An innovation that considerably aided the counter insurgency effort was the raising of the Afghan local police. The plan was centered on rural youth who were to be used to mobilize communities against the Taliban and serve as force multipliers for the Afghan and coalition forces. The program was not without its detractors who warned that they could become rapacious local militias by abusing their powers. Karzai was also wary of the programme fearing that it would create warlords who would end up eroding his powers. Others held that the Afghan society was too divided and the government too mistrusted for local uprisings to take place against the Taliban. Petraeus is credited with having reworked the programme, increasing the number of Special Forces mentors even while placing the local police under the Interior Ministry’s control. It took a year to recruit, train and mentor the local police force but some of its early victories won for it rapid acceptance from local leaders who saw it as a local solution to the insurgency. The strength of the local police, countrywide, grew to 20,000 with plans for further expansion. By the spring of 2013, the programme started showing results in Kandhar and by September local uprisings against the Taliban had been reported in half a dozen places in Ghazni, Wardak, Nuristan, Faryab, Ghor and Logar. However, such revolts did not presage any wide or coordinated popular movement against the Taliban and part of the reason for this lay in the structural deformities of the Kabul government, such as undue centralization, as also the widespread corruption by power brokers and the warlords, which seriously impaired delivery systems.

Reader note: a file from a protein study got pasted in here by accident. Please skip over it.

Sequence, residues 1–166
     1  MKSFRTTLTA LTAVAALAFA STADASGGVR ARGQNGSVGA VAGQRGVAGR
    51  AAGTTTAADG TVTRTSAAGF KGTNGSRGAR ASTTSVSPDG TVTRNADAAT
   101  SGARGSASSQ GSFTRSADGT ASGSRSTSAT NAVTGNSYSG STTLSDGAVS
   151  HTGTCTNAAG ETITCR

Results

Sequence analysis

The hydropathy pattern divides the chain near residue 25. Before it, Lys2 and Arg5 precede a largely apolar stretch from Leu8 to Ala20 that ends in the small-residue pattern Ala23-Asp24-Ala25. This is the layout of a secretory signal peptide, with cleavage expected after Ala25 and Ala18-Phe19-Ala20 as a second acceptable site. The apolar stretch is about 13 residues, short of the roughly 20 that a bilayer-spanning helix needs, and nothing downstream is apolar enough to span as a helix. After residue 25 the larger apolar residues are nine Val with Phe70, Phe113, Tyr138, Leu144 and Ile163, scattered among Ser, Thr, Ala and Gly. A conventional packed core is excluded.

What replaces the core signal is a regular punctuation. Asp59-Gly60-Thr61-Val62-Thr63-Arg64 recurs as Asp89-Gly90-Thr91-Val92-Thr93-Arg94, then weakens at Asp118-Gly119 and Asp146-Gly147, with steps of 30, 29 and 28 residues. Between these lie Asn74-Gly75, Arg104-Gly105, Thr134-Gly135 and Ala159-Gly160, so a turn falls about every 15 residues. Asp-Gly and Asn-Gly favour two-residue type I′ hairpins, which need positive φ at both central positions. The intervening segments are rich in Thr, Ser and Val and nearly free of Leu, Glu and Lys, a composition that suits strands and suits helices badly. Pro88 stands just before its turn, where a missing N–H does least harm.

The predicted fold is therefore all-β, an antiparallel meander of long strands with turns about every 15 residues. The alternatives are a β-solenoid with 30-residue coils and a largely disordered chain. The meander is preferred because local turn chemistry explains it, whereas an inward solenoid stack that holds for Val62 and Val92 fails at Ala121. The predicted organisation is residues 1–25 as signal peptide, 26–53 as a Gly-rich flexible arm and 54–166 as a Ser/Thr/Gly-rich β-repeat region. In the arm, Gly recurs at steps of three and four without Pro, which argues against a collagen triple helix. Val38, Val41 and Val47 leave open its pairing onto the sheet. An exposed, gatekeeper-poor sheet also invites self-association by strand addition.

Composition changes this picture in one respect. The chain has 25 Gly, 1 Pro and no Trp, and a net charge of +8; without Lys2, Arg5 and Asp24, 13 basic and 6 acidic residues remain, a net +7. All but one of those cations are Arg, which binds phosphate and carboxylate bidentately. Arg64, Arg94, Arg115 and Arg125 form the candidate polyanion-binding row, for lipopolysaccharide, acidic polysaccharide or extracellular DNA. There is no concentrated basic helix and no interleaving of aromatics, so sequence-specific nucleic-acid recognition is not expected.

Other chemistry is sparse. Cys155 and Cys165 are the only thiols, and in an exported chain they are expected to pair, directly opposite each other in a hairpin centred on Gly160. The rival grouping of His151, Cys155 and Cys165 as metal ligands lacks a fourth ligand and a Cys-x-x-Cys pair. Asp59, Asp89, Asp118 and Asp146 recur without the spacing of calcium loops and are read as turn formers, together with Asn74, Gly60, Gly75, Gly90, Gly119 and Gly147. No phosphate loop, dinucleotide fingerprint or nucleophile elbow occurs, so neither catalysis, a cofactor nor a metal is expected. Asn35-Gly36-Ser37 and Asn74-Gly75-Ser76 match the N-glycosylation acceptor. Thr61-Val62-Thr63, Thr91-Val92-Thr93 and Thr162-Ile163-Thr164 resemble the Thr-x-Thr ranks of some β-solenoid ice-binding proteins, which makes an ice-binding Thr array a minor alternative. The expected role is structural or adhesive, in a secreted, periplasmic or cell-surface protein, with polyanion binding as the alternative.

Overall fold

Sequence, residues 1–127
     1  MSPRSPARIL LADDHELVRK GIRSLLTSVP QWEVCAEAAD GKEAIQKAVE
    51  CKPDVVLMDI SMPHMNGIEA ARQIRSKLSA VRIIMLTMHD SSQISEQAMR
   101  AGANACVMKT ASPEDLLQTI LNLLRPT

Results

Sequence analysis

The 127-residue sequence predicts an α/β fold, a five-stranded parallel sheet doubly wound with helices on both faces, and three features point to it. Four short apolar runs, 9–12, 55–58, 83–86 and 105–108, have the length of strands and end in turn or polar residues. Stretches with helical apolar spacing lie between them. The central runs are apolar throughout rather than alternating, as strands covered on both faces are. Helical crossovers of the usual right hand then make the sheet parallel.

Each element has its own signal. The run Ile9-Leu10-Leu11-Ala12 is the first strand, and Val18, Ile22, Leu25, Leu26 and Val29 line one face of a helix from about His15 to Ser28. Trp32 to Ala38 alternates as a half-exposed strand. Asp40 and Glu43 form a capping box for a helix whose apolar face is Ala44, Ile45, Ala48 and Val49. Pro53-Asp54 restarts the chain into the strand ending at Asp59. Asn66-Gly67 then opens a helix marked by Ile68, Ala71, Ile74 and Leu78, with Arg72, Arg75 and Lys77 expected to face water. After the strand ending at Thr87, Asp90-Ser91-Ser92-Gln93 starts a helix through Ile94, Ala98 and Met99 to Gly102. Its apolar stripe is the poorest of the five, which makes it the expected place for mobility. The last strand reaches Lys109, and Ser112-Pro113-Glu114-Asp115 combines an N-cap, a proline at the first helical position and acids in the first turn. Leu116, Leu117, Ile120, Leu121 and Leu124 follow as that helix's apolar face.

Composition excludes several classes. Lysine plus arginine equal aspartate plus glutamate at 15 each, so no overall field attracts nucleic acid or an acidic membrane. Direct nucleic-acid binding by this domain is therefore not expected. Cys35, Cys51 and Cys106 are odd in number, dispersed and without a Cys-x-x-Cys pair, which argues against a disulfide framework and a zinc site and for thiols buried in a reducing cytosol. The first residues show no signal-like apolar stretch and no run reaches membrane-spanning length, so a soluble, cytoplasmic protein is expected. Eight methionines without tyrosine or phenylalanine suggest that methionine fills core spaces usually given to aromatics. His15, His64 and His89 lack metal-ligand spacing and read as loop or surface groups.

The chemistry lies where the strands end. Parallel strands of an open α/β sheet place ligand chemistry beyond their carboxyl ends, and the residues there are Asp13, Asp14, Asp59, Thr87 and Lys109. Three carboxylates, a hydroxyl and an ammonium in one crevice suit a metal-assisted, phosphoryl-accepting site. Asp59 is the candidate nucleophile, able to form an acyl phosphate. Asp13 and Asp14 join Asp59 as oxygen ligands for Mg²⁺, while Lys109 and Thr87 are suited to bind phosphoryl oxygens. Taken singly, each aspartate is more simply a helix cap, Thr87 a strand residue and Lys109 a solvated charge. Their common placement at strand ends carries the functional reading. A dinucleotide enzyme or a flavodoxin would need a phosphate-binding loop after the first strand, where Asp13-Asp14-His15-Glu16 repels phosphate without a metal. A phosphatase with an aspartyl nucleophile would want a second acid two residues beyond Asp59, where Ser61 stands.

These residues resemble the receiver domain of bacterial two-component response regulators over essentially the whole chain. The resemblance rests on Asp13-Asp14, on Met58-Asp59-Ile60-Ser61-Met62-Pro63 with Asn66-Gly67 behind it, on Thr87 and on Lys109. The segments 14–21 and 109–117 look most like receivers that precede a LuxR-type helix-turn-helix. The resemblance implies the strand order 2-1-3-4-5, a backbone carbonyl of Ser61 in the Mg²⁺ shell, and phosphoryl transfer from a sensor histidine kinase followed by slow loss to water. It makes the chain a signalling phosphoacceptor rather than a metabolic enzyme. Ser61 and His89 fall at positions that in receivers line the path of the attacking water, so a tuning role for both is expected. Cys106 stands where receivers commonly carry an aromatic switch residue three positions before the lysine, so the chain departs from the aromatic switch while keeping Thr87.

Even as the COIN based Counterinsurgency progressed, there was a growing body of opinion, both in Afghanistan and the U.S. that was becoming increasingly convinced that there was no alternative to talks with the Taliban. In 2009, Richard Holbrooke, special envoy for Afghanistan and Pakistan, began the first diplomatic efforts to open back-channel contacts with the Taliban. He used the services of the German diplomat, Michael Steiner, who had worked with him in the Dayton Peace talks, to make the first contacts with the Taliban. Separately, Karzai had also come to the conclusion that peace was the only way forward but he was clear that it had to be an Afghan led and Afghan owned process. While the Taliban refused to negotiate with the Karzai government, the Taliban opened an office at Doha, Qatar on June 18, 2013 after years of Western diplomatic efforts. The initiative, however, ran into rough weather at the inauguration itself over strong objections from the Karzai government over the use of Taliban flag and the sign “Islamic Emirate of Afghanistan” in the televised opening of the event. The Karzai backed Afghan High Peace Council also could not make progress on account of the non-cooperation of Pakistan, which was hosting most of the Taliban leaders. Even those Taliban leaders released from its custody were not made available for negotiations. The Doha fiasco, however, revealed the differences within the Taliban’s Political and Military Commissions, led by Mullah Mansoor Akhtar and Qayum Zakir respectively.